LAS VEGAS — As more companies recognize — and take action on — the need for diversity in the workforce, PMMI’s Packaging and Processing Women’s Leadership Network (PPWLN) explored the implications of gender in mentorship as more women step into leadership roles throughout manufacturing.

During PPWLN’s networking event at Pack Expo, a panel of industry professionals, moderated by Stephanie Neil, editor in chief of OEM magazine, discussed what mentorship looks like within the evolving context of diversity and inclusion

Panelists included Tracey Noonan, founder of Wicked Good Cupcakes; Sharron Gilbert, president and CEO of Septimatech Group; Jan Tharp, president and CEO of Bumble Bee Seafood Co.; and Yolanda Malone, VP of global RD Foods at PepsiCo.

For all employees, flexibility and understanding the specific needs for advancement are top of mind at PepsiCo, according to Malone.

“I think the culture really helps to set that tone,” she said. “It’s about walking the walk and talking the talk. That’s what we’re striving to do, to ensure we’re not just saying, ‘It’s really nice to have a diverse leadership team.’ We’re actually showing that we’re serious about it and hiring diverse leaders.”

As more women are recognized as potential leaders in manufacturing, organizations such as the Manufacturing Institute, which operates its STEP Women’s Initiative, have emphasized a need for more women to mentor other women.

For Neil, it begged the question, are men as effective mentors for women as other women are, or should gender even be a factor?

From Noonan’s perspective, it’s all about the experience of the mentor. When she first launched Wicked Good Cupcakes, there were times when she wasn’t taken seriously as a business owner because of the product she sold.

“People would actually call me ‘cupcake,’ and it made me so angry,” she recalled.

But that changed when she received an investment from Shark Tank’s Kevin O’Leary, who has publicly shared his propensity to invest in female entrepreneurs.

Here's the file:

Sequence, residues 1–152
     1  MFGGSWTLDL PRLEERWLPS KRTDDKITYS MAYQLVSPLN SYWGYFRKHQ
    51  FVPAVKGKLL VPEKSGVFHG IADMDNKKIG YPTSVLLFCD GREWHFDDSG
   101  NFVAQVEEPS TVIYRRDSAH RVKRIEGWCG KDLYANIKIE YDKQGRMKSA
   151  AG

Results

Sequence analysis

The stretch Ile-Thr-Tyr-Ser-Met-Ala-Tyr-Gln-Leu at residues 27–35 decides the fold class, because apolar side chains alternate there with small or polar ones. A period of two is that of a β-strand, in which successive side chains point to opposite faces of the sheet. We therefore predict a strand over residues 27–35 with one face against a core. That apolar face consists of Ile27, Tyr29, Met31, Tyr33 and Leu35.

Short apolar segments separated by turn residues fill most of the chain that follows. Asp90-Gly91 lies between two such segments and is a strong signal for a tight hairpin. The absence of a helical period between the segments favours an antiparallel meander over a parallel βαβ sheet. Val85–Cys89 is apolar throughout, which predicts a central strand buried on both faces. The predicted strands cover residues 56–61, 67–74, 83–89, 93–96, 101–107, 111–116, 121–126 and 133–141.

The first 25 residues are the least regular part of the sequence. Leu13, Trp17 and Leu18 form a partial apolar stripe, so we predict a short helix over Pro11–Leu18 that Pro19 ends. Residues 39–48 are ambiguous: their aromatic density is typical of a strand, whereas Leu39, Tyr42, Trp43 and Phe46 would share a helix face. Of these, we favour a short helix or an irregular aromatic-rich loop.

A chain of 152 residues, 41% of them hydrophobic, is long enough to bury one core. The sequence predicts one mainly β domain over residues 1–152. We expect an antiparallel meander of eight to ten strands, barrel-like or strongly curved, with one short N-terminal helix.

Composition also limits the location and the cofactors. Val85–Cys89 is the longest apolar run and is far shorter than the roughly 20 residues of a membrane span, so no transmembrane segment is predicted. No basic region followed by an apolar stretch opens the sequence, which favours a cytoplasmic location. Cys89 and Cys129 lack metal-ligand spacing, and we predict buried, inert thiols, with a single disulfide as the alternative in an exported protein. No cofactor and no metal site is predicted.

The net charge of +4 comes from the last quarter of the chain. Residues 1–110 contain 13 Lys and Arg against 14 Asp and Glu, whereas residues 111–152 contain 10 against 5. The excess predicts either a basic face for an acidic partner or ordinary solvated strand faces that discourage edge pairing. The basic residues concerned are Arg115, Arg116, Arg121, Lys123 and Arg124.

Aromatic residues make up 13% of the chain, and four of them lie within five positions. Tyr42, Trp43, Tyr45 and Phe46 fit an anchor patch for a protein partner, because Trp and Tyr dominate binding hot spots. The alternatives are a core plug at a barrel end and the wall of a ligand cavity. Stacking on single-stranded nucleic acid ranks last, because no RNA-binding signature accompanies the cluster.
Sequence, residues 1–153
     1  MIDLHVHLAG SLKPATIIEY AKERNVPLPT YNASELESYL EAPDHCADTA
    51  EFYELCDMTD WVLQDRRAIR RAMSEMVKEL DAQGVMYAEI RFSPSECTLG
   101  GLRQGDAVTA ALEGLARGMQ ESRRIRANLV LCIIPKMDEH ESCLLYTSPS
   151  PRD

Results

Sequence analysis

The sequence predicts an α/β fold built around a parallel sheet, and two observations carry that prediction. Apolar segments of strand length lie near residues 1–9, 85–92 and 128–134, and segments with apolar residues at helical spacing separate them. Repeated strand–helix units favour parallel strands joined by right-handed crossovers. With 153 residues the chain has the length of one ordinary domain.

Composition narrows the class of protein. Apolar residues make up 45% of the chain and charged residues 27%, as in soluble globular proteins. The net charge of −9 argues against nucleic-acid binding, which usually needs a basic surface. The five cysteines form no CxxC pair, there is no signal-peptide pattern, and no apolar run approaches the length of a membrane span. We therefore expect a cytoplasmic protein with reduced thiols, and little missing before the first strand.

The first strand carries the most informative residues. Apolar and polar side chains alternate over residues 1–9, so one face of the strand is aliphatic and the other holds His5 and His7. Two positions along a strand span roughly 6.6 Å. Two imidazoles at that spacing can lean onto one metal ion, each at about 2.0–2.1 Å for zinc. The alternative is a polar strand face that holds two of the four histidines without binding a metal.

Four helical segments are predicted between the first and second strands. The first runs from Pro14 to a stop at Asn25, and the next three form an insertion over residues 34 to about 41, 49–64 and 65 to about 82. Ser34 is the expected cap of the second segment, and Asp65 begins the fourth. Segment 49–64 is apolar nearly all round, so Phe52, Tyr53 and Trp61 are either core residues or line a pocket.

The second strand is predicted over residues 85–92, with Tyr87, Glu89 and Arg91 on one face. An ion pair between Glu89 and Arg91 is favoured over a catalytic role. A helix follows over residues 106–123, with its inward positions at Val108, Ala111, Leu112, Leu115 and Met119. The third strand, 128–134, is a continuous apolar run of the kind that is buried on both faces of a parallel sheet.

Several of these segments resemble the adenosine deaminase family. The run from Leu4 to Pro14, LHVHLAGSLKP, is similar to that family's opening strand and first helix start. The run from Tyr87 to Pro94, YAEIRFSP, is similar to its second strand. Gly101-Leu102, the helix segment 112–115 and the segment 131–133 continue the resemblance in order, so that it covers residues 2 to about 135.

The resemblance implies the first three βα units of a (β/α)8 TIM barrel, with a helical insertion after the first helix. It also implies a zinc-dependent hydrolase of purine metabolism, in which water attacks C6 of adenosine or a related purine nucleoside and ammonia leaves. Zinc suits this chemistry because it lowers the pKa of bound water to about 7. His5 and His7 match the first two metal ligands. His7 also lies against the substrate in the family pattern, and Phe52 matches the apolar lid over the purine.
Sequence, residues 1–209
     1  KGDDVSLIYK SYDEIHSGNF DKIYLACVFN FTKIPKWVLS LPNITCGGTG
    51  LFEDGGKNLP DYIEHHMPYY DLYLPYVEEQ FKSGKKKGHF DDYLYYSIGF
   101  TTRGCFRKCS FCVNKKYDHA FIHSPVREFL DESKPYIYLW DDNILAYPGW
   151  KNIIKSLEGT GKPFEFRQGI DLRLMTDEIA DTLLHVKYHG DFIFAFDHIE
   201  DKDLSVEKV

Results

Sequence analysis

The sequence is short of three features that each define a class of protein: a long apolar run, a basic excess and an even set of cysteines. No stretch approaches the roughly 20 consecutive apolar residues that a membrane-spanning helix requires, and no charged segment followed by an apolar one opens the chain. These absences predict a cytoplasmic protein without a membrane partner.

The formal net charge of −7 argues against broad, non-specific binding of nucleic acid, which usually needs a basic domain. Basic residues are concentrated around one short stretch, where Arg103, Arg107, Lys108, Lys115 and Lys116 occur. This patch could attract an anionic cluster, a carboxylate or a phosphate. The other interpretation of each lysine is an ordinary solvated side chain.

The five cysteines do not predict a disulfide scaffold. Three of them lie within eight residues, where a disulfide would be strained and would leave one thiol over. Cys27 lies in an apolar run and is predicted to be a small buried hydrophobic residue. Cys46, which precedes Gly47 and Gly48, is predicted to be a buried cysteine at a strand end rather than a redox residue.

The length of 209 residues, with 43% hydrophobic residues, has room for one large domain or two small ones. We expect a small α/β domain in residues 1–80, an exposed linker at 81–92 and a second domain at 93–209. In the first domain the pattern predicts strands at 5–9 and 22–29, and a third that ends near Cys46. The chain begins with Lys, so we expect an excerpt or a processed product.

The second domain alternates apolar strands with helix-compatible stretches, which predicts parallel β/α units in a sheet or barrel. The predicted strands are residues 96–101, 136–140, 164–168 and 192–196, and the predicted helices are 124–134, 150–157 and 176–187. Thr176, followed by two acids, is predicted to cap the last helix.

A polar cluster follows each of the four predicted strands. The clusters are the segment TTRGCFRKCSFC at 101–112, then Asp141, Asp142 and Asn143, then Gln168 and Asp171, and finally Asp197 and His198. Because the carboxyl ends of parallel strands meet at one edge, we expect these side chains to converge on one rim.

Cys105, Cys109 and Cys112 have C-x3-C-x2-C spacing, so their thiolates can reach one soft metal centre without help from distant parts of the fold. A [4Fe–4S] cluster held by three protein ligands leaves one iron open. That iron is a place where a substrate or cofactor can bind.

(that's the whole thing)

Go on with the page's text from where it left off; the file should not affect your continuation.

“I do think men can successfully mentor women when they’re comfortable in their own skin,” she said.


“I do think men can successfully mentor women when they’re comfortable in their own skin,” said Tracey Noonan, founder of Wicked Good Cupcakes.


Malone emphasized that, it’s about surrounding yourself with people who will give you honest and constructive feedback, and that often calls for balance.

“I call them my ‘personal board,’ and they’re both male and female,” she said.

They consist of peers from other companies as well as current or former coworkers, and they’re all people who know her well enough to have open and candid conversations.

“When I have something to think about and need to talk about it, I call my personal board. And I don’t necessarily call them one at a time; I might cooperate with them collectively because I need a balanced approach. Am I thinking about this strategically? Am I missing something? Did I go off task? And my board can course correct me.”

At its core, mentorship is focused on those who can help a person grow personally and professionally.

“You need people who will be honest with you, and it doesn’t matter if they’re male or female, or even at a CEO level or someone who works for you,” Tharp said. “It can be anyone. It’s the honesty that you want.”

In looking at gender gaps in the workforce, aligning mentorship solely by gender can actually be counterintuitive to diversity goals. For women to excel in the workplace, diversity of thought is critical, and that applies to their mentors as well.

For more information on PMMI’s PPWLN, visit